By Denise Spann - MileSplit Correspondent
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When COVID-19 stopped Asya Reynolds from earning for her second All-American honor in March, she unknowingly gained the opportunity to compete for a partial sixth year. At that point, the heptathlete was toward the end of a successful career at Michigan State University that included a Big Ten heptathlon title, breaking school records and being named MSU's Co-Female Athlete of the Year.
But after five years of competing for MSU, Reynolds, a 2015 Lyndhurst Brush High School graduate, decided to transfer and will be joining the University of Georgia, the 2018 NCAA Indoor National Champions.
"When COVID-19 happened, I just felt like nothing was guaranteed," she said. "I've been leaning towards leaving MSU for a little bit now, but I also just knew that I'd get this chance only once in a lifetime ... I feel like I fit into this program. Their workouts and coaching style fit me, and I can see myself transitioning into adulthood there."
At the beginning of this recruiting process, Reynolds was too nervous to enter the transfer portal out of fear that no one would be interested. But she soon got responses from conference giants like Oregon, Kentucky, Miami, Texas Tech and Tennessee.
Reynolds choosing to be a part of this SEC powerhouse adds another standout to one of the best multi-event programs in the country. She will join high school national record holder Anna Hall and Canadian U20 national record holder Nina Schultz -- not to mention, Olympian Kendell Williams, who was fifth in the heptathlon at the World Championships in 2019, also came from the Bulldogs' program.
"Most people wouldn't be excited to come in as the underdog, as the person with the least amount of points by 300 plus," she explained. "But I just feel like it will make me work harder and I feel like I'll be right up there with them once I get into the groove of the training. I'm just super excited to workout with them and be in that mix of girls, it's a crazy mix."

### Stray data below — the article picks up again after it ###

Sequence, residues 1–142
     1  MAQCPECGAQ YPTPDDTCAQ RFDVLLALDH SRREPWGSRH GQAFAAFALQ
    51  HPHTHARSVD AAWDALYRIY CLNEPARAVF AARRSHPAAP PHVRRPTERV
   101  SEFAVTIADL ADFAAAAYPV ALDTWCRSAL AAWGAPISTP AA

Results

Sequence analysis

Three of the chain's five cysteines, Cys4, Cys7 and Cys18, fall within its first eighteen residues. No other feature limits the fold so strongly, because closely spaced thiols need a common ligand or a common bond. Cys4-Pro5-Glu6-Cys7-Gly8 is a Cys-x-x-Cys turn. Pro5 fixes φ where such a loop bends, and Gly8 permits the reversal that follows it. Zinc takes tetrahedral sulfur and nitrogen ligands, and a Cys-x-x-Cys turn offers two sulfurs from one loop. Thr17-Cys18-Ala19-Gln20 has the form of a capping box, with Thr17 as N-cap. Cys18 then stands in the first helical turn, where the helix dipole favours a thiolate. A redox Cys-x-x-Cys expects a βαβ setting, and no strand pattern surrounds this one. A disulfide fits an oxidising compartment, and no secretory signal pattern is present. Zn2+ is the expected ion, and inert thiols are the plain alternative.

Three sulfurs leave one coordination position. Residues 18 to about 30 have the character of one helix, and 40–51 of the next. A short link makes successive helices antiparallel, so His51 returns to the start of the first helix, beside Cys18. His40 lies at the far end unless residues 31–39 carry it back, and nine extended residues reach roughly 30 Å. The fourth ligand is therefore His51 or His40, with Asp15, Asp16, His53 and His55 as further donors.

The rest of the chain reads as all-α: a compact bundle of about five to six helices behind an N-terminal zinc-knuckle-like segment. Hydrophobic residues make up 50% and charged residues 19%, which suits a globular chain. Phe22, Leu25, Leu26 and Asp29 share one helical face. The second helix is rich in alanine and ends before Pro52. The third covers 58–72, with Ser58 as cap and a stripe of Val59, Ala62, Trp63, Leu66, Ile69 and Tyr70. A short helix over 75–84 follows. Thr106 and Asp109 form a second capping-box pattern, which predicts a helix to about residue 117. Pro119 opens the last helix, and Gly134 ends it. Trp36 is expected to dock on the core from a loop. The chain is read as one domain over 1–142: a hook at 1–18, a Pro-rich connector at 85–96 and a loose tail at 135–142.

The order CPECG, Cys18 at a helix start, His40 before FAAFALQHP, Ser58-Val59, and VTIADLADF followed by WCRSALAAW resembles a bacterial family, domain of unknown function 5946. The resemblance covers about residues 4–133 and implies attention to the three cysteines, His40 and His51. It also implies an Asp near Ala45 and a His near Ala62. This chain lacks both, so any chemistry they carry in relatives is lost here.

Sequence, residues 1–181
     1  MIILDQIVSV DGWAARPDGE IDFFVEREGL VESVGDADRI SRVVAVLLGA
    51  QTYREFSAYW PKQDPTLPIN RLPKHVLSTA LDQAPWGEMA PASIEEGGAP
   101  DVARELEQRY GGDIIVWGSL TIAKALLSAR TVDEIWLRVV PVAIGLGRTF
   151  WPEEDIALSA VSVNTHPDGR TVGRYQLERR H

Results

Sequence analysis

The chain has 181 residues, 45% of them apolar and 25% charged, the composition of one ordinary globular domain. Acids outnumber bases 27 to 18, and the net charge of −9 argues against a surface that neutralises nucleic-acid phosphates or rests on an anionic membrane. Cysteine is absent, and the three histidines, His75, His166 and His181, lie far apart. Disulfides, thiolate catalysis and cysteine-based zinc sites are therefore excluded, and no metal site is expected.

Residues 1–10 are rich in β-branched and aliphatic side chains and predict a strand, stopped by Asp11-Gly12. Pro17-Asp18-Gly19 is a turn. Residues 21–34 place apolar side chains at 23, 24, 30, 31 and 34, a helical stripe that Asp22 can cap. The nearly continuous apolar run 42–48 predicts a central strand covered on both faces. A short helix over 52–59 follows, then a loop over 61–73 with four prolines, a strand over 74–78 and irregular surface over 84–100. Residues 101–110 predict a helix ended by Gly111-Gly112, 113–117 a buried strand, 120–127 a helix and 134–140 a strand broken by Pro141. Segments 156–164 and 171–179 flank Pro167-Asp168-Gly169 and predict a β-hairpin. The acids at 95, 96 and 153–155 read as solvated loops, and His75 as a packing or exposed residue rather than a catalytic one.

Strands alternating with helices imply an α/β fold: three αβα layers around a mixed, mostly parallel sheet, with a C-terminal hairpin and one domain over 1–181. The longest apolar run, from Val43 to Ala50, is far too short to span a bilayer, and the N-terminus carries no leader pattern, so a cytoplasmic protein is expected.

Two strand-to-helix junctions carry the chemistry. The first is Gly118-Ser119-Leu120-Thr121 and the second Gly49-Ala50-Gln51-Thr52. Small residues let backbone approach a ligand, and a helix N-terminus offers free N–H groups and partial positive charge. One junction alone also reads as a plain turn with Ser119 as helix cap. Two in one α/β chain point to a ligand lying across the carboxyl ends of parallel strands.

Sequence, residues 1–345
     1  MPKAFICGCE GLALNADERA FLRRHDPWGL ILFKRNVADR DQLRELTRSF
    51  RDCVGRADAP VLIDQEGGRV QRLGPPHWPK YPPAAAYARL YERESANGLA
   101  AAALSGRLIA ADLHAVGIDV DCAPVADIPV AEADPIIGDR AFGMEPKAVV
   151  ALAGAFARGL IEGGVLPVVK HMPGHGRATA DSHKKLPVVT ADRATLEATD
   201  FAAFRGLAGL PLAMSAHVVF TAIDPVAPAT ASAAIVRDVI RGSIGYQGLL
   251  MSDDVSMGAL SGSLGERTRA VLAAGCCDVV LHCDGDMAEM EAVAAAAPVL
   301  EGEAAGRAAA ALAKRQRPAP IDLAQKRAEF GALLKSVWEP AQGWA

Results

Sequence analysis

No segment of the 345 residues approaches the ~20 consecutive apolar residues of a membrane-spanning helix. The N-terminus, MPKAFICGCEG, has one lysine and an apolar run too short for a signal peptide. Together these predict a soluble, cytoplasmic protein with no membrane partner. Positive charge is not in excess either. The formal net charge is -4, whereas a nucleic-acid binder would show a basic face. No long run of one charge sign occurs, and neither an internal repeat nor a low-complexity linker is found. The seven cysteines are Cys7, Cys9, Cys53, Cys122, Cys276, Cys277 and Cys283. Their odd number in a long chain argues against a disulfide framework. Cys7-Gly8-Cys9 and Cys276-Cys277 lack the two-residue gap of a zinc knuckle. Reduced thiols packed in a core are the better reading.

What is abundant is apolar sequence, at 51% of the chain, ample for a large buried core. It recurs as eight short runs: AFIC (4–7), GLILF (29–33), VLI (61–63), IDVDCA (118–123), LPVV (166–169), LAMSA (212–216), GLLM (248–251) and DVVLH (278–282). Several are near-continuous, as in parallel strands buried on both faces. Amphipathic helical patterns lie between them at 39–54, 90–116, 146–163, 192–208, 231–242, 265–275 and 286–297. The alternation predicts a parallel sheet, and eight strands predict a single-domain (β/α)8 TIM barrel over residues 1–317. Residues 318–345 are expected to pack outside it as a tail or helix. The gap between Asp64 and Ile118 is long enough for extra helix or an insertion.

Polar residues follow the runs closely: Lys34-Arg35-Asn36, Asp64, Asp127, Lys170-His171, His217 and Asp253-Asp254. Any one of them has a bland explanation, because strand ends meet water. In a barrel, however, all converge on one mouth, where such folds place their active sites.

Reynolds will also be working directly under head coach Petros Kyprianou, who's coached his fair share of world, conference and national champions, record holders and Olympians.
"I'm so excited to work with him," Reynolds said. "I'm a little nervous looking at the workouts he's sent me. But this is what I asked for, this is what I want, I've been waiting for this and I think I'm mentally ready too."
For Reynolds, becoming a Bulldog is more than elite athletes, coaches and national titles; it starts with chemistry and effort.
"I wanted a family," she said. "I want the team to have serious chemistry, I want my teammates to be comfortable with me and I want to be comfortable with them. I want to be a part of a program where they take it very seriously like this is your life - which it is - more like a job. I just want that type of atmosphere, so I know nobody's slacking or wasting my time."
The former Spartan realized she had the talent to compete at an even higher elite level after winning the heptathlon at the 2019 Big Ten Outdoor Championships.
Reynolds scored a personal best and school record of 5,520 points, which allowed her to make her debut at the NCAA Outdoor Nationals Championships, where she earned second-team All-American. She used this momentum to have her greatest indoor season to date, scoring 4,105 in the pentathlon to rank No. 11 in the country.
Looking back on her pre-Big Ten days at Shaker Heights, Cleveland Heights and Brush, Reynolds remembers a time where she thought she'd become collegiate 400-meter hurdler - she's still top-10 all-time in Ohio.
Besides entering new territory of this program, Reynolds will also be making the transition of leaving her long-time home of the Midwest. As a lover of Cleveland to her core, living in the South, having access to Waffle House, and chasing her other aspirations is everything she could have asked for.
"I'm excited to just move on and start over," she said. "My goal was to either move to California or New York anyway. So, to move somewhere there's a scene for music, modeling and for track, I'm just so excited to start my adult life."
However, regardless of what happens in Athens, the heptathlete won't forget all she's learned as a Spartan.
"I've learned that I can take where I've come from and things that I've been through and just transform that energy into the track and into my training," Reynolds said. "I've allowed it to motivate me and help me become who I am - a school record holder, Big Ten champion, and All-American. I've just learned a lot here; I've learned how to grind here."